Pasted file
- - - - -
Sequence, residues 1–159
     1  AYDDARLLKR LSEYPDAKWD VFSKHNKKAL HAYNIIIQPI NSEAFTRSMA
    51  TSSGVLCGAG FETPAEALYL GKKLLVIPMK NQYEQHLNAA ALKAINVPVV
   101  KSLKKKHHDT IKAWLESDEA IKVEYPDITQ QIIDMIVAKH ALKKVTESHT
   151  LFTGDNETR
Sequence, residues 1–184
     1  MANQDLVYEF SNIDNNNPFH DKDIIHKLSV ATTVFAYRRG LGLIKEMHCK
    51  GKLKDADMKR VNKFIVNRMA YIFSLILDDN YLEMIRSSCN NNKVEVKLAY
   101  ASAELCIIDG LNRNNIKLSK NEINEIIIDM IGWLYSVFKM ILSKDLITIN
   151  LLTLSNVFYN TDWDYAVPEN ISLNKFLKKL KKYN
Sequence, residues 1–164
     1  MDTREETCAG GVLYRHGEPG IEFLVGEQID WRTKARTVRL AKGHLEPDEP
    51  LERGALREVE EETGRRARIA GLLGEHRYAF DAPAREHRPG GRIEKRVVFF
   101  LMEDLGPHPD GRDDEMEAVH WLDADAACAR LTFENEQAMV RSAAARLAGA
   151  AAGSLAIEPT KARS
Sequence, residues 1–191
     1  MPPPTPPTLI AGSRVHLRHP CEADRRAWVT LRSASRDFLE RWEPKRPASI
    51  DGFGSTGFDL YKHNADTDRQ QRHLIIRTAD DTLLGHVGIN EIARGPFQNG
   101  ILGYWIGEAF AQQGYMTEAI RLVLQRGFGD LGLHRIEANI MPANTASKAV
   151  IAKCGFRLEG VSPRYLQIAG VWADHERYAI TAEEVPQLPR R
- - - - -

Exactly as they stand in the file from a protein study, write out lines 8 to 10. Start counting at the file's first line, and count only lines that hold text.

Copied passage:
    51  GKLKDADMKR VNKFIVNRMA YIFSLILDDN YLEMIRSSCN NNKVEVKLAY
   101  ASAELCIIDG LNRNNIKLSK NEINEIIIDM IGWLYSVFKM ILSKDLITIN
   151  LLTLSNVFYN TDWDYAVPEN ISLNKFLKKL KKYN